The new incubator in the Texas County Memorial Hospital laboratory is a temperature controlled, carbon dioxide rich environment, perfect for facilitating the growth of bacteria.

The new incubator in the Texas County Memorial Hospital laboratory looks like a fancy college dorm fridge.  An unknowing visitor to the microbiology room in the lab would never know it has decreased turnaround times for laboratory cultures and improved staff efficiency.

“We typically handle 20-30 specimens that need to be cultured daily in our microbiology lab,” said Kirby Holmes, TCMH laboratory director. 

Microbiology is the study of microscopic organisms such as bacteria, viruses, archaea, fungi and protozoa. A small portion of the TCMH laboratory is devoted to microbiology services, and all cultures require some incubation in the laboratory.

The majority of the labs that require culturing at TCMH are generated by hospital inpatients and emergency room patients. Common specimens that are collected at TCMH are incubated to check for things like urinary tract infections, wound cultures, staph infections, strep and C-difficile. An incubator provides an environment of enhanced carbon dioxide which the specimen needs to facilitate growth of bacteria.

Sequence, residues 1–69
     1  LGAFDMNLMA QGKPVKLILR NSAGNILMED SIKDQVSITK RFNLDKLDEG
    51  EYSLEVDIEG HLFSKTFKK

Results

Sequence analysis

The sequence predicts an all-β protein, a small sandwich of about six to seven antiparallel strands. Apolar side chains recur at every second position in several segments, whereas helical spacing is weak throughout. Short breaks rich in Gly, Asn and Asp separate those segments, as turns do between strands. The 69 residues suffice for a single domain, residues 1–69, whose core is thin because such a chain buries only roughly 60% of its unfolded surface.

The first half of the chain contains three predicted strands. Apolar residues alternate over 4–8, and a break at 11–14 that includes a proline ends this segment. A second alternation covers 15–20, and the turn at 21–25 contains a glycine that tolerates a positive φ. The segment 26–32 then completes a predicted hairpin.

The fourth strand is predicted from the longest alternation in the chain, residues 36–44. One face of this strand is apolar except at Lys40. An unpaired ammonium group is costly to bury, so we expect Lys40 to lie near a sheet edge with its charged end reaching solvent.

Before the addition of the new incubator, technologists in the TCMH lab would create their own enhanced environment of carbon dioxide by using glass jars and lit candles.  The previous incubation method was time consuming, Holmes said.

The new Fisher Scientific Isotemp Direct Heat C02 Incubator is set at human body temperature: 37 degrees Celsius.  A constant stream of carbon dioxide fed into the incubator to create the ideal environment for growing bacterial cultures.

The incubator is filled with petri dishes and other vessels where the laboratory specimen may grow or not grow depending upon how the specimen is cultured.  The TCMH lab starts the cultures from specimens collected from hospital patients, and those cultures are sent on to Boyce and Bynum Pathology Laboratory in Columbia where the final laboratory results are generated.

“This incubator provides the optimal environment and space for differential cultures in multiple petri dishes,” Holmes said. “We are able to isolate and identify bacteria more quickly and easily.”

Holmes said starting the specimen cultures in house provides a jump of a few hours on identifying bacteria and starting treatment. 

“The new incubator can decrease our wait time for a culture to grow by up to a day,” Holmes said.

A microbiology analyzer for blood cultures is set up to alert the lab staff when the blood cultures are ready to be placed in petri dishes in the incubator for additional specimen growth.

All of the technologists in the TCMH laboratory use the new incubator and the microbiology tools available in the lab.

“Our techs love the new incubator, and we are very grateful to the Timmons Foundation and the TCMH Healthcare Foundation for helping us add to our microbiology tools,” Holmes said.

TCMH was able to obtain the new incubator machine through a $4,200 grant from the Bess Spiva Timmons Foundation and additional funding support of $984 from the TCMH Healthcare Foundation.

“The healthcare foundation’s partnership with the Timmons Foundation to provide grant funding to purchase the new incubator helps us improve the timeliness of the laboratory results our patients need,” said Wes Murray, TCMH chief executive officer. 

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